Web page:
MMST 163: Complex Lighting & Materials; 3D Character Animation 10729 - MMST 163 - 010
Environments & Character Design, Animation -- 3D Studio Max
Instructor: Jeffrey Abouaf Contact: email@example.com
Part I: Environment and Set Design
Introduction and Overview.
What factors into designing a good environment?
What factors go into making a good set? How is this different from a good environment?
Pre-rendered vs. Real-Time 3D graphics: considerations; similarities and differences
3DS Max: a “virtual film studio”; -- the role of the camera
Identify the big issues at the earliest stage.
Modeling and Texturing Environments and Sets
Concept Art - defines the look, the inspiration, and identifies challenges
Story Boards, Color Scripts, Animatics -- progressive scene building
Modeling/Texturing - review general techniques; considerations peculiar to environments
Output Cosiderations for building exteriors & interiors for movies and games.
Organizing the scene; Tools in 3DS Max, using external files.
Lighting Considerations and Techniques:
Using Standard vs Photometric lights, limitations
Max's Advanced Lighting --General & Global Illumination (render-engine specifics)
Consider baking in lighting effects
Animated camera and lighting effects
Cameras and lighting impacts texture design
Atmospheres and effects impact textures
Shader types; Material Types; Map Types; how they inter-relate.
Procedural vs. non-procedural materials; gradients, falloffs, antialiasing
The two 3DS Max Material Editors; how and when to use each
Building multi-layered and complex materials and maps
Texture Baking; Normal Maps
Specialized and Complex Textures; what is "Realism"; "Stylized"
Painting Textures in Photoshop
Applying textures - UVW Mapping and Unwrap UVW issues
Appropriate pre-rendered movies/cut-scenes vs. real-time rendering
Output and output formats -- tips and techniques
The default Scanline Renderer vs Mental Ray.
Other Rendering Engines.
Fogs, Atmospheres, Volumetrics, and Special Effects.
Particle Systems: Basic, Advanced and Particle Flow.
Anticipating the requirements of a real-time renderer.
Maximizing flexibility for post production editing
Isolating and rendering to layers; Render Elements; EXR
Overview of Autodesk Composite workflow
Part II: Character Design, Rigging and Animation
Overview of the character development process: design, modeling, rigging, animating.
Importance of drawing and understanding anatomy
Character animation principals from the 2D world (squash, stretch, anticipation, exaggeration)
Everything is based on the intended audience, budget, output device(s), team.
Design, Modeling and Texturing Issues for Characters
How to develop a character from scratch
Concept Art, Storyboards and Animatics
Box modeling in Edit Poly mode
Edge Loops & Subdivision Surfaces
Working with Max's Graphite Toolset
Modeling issues specific to characters
LOD and MRM
Modeling with Textures (Subdivision Surface Displacement in the Material Editor)
Other Texturing issues: Texture size and detail; UVW mapping issues; Unwrap UVW
Introduction to Mudbox
Why do we need bones?
Applying modifiers to deform the mesh (whole mesh vs. selection sets)
Manipulators and wiring issues
Secondary animation effects (bounce, jiggle using the Flex modifier)
Animating with Splines and the Linked-Xform modifier
Rigging with other animation controllers (eye-rigging with the Look-At Constraint)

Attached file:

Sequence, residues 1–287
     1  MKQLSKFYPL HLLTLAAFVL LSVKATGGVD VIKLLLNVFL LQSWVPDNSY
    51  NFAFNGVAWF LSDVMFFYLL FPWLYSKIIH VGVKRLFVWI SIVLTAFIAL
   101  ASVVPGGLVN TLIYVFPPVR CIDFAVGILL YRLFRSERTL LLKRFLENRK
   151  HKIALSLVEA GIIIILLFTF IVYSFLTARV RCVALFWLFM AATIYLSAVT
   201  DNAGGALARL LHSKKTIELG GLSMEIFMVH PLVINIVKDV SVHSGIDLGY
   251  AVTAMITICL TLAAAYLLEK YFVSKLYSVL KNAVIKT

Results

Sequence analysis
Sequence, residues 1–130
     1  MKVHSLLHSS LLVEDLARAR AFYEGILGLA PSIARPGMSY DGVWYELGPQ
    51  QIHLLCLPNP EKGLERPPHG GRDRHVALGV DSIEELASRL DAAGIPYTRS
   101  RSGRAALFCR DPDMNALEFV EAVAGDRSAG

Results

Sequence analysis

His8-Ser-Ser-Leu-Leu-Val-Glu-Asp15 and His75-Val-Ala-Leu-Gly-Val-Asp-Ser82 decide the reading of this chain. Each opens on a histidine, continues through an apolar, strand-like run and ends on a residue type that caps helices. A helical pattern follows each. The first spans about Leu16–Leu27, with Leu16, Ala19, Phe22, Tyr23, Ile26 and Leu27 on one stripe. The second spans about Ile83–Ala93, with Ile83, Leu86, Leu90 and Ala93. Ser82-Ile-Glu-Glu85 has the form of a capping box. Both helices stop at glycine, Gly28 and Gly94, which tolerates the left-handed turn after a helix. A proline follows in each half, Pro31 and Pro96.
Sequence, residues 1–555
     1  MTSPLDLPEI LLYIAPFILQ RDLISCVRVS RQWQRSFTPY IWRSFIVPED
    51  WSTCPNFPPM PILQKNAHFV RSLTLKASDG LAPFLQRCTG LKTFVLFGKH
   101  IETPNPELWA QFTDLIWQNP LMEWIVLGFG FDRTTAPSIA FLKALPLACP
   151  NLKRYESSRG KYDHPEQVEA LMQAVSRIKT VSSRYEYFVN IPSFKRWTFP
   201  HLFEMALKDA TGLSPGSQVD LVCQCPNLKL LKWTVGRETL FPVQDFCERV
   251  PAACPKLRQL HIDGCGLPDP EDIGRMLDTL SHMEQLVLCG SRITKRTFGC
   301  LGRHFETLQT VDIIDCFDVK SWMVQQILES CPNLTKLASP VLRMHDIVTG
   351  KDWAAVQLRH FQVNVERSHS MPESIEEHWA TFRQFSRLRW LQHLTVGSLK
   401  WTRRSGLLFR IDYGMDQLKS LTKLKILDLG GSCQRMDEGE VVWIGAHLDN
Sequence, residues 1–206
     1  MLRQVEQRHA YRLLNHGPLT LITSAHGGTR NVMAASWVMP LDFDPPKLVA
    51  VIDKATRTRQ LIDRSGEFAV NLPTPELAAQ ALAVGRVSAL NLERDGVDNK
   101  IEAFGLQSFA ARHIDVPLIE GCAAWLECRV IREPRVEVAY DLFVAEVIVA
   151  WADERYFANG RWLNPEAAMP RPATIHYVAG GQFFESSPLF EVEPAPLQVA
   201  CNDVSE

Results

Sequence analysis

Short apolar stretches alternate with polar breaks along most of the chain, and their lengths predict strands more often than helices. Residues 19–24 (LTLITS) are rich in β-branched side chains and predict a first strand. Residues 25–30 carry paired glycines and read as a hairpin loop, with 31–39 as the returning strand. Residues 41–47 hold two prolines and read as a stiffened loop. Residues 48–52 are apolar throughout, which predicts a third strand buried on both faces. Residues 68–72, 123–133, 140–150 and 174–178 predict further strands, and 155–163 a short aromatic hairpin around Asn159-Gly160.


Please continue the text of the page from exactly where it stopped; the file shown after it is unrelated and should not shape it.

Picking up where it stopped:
Introduction to Morphing – the Morpher modifier
Why not just use Biped? Advantages and Disadvantages
Review Hierarchies and how they work
Forward Kinematics (FK) vs. Inverse Kinematics (IK), Uses
Setting Up a Bone chain (scaling, fins)
IK Solvers; Helper Objects with IK
Setting Up a character
Simple bone rigs using Forward and Inverse Kinematics
Pre-rigged Animation Systems Biped, CAT, Motion Builder - The Basics
What it does (and doesn't) do.
Figure Mode (modifying the skeleton to fit the mesh)
Footstep Mode (Footsteps vs. Freeform modes)
Importing motion capture data
Recycling motion files; layering motions
Motion flow mode, stitching motions together
General Overview of CAT
General Overview of Motion Builder
Interoperability Issues for transferring date between character animation systems
Attaching the model to the Biped
The Skin Modifier
Character Studio not required
Techniques for fine tuning the Skin modifier for animation
Built-in Deformer Gizmos
Animating the Character
Keyframing in Footstep Mode
Keyframing in Free Form Mode
Keyframing and function curves
The instructor maintains a current set of 3ds Max resources at www.zoomextents.com. Follow the Class Blog discussion throughout the week. Visit Training & Resources/Scripts & Plugins,and Books, and Links/3D Art & Animation Portals for related sites, tutorials, articles, scripts and recommended books.
Here are some specific resources -- refererence as well as tutorials -- that will be referred to in conjunction with this class:
- 3ds Max, the Help file. Often overlooked, this may be the quickest route to any answer you seek.
- In 3ds Max, Help/Tutorials (instructions and URL for downloading the exercise files are contained in this file).
- The Autodesk 3ds Max Learning Channel on YouTube.
- 3ds Max and related courses on Lynda.com. (If you are a resident of Marin County, you may obtain a free subscription through the Marin County Library). Materials form this source will be used extensively in class.
- Other highly recommended video sources are The Gnomon Workshop and Digital-Tutors, both of which are fee-based subscriptions.
MMST 163 - 173 in Bldg. 27, Room 129, IVC: F 10:10 am – 3:30 pm
Instructor: Jeffrey Abouaf firstname.lastname@example.org
Office Hours: Bldg. 27, Room 129, IVC: Fridays, Saturdays 9:00a am – 10:am